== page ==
Last Wednesday CHN was hosted by McDermott, Will and Emery in their fantastic venue on the 46th floor of 22 Bishopsgate, and held a great conversation on the adoption of digital technologies in healthcare, in partnership with Amazon Web Services.
Our speakers were:
- Joe Harrison, CEO Milton Keynes University Hospital NHS Foundation Trust and new National Director: NHS Digital Channels
- Stella Vig, Croydon Health Services NHS Trust Clinical Director for Recovery and National Clinical Director for Elective Care
- Julian Hunt, UK/I Managing Partner, IBM Healthcare and Life Sciences
The conversation covered a range of perspectives as to whether digital technologies were (finally) being adopted and their benefits exploited in the NHS – or whether we still had a very long way to go.
A less positive, ‘cup half empty’ perspective reflected:
- healthcare continues to be a long way behind other industries
- we are talking about the same things now as we did 40 years ago e.g. outpatient redesign
- there are many many hoops, and hurdles to overcome to adopt new technologies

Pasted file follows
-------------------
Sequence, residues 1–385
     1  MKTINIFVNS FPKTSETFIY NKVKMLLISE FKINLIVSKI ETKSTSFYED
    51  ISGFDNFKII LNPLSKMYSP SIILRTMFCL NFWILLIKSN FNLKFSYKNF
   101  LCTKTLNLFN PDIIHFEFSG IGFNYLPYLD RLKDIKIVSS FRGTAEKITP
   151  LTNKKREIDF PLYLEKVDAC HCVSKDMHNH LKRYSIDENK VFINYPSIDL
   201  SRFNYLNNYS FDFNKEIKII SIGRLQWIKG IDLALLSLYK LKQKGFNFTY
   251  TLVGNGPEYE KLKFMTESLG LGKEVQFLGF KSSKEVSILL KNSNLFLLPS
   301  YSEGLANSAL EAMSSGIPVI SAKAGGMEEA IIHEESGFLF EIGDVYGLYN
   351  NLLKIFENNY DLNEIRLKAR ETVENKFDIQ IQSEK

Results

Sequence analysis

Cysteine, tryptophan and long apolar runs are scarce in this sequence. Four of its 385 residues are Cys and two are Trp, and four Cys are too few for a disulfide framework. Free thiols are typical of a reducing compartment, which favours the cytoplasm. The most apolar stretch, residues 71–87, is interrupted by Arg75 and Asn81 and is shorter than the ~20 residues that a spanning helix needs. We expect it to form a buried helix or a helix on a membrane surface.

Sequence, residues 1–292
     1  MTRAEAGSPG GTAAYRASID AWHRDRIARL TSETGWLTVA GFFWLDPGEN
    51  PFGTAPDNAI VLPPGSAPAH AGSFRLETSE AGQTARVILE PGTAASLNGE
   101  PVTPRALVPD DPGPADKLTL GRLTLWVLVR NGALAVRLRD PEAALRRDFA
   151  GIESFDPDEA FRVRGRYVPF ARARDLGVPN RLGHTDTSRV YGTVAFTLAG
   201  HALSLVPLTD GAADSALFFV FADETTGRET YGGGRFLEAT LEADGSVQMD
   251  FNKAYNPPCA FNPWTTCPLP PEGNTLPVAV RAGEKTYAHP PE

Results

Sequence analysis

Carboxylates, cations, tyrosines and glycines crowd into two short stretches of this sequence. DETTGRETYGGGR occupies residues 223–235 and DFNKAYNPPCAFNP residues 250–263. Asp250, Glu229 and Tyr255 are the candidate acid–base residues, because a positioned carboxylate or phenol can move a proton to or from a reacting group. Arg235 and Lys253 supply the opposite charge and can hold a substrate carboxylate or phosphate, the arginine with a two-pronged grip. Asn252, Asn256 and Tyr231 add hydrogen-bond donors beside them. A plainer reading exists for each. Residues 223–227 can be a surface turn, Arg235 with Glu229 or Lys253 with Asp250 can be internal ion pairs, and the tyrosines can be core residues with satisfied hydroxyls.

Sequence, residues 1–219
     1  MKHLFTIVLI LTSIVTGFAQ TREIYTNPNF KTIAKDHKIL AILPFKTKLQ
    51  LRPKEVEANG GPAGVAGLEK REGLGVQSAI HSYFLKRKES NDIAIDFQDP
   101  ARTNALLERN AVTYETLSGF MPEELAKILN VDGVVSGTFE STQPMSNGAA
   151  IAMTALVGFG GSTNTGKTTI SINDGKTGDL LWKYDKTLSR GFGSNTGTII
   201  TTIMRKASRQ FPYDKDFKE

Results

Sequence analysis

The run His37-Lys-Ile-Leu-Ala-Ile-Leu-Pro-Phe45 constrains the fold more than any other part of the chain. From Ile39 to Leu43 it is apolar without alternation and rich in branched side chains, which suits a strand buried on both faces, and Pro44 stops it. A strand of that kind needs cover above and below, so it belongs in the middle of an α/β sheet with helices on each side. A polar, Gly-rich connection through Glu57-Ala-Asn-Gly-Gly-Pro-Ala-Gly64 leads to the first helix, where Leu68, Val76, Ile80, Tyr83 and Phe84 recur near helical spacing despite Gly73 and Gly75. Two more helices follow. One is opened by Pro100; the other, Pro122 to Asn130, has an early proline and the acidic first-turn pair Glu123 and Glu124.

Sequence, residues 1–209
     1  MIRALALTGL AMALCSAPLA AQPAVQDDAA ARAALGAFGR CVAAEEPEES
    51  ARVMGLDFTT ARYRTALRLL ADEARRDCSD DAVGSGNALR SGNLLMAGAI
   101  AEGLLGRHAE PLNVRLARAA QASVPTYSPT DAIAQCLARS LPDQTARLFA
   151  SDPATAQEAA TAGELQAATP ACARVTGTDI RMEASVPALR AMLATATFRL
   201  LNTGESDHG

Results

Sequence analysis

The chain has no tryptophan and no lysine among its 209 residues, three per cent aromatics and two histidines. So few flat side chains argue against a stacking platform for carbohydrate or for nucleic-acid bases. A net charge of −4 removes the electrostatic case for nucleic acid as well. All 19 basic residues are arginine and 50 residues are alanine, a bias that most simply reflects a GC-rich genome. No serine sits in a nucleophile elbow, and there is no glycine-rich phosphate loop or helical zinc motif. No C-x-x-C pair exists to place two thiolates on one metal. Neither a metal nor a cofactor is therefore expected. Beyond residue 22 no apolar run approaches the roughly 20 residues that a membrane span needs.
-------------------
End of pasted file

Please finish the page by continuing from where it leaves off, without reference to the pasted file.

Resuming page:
- the media can often be very negative about new/alternative ways of delivering services
- it is difficult to take out the old, even when we adopt the new, often resulting in financial (and other) benefits not being realised/captured
A more positive, cup half full, perspective reflected:
- there is now a very forward-looking strategy and implementation plan for far more widespread adoption than there has been previously when many governments, leaders, clinicians and indeed patients have been reluctant to embrace digital technologies
- the NHS App was very widely used during COVID and continues to be – the app continues to evolve and develop, providing an ever increasing range of functionality
- the overwhelming majority of the population are now very familiar with digital technologies – and indeed expect to be able to access and interact with health and care services in the same way they do with other sectors.
- at the same time we have to be aware of inequalities in access to digital tools, but we are making progress
Photo by Dr Murray Ellander.